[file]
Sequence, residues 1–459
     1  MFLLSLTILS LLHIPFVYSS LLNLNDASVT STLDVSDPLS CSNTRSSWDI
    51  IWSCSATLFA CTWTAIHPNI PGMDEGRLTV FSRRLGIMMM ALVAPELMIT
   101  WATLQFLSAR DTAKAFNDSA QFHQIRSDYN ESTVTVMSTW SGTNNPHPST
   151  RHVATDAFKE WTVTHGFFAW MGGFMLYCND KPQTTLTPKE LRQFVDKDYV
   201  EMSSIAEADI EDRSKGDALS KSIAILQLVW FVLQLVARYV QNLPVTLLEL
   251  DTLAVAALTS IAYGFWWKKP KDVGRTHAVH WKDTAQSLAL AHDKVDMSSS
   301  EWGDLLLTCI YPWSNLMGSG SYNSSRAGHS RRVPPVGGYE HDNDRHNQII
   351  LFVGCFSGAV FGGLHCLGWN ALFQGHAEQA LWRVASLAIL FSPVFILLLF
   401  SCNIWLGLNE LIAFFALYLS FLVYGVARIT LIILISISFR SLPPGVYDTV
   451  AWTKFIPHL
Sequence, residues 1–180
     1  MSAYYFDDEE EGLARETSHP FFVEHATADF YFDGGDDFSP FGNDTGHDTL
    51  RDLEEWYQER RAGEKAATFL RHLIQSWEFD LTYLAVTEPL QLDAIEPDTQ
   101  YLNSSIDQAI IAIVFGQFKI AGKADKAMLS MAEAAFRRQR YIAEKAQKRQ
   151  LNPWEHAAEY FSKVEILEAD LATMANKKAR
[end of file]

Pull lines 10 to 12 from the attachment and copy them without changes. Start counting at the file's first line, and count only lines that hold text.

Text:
   401  SCNIWLGLNE LIAFFALYLS FLVYGVARIT LIILISISFR SLPPGVYDTV
   451  AWTKFIPHL
Sequence, residues 1–180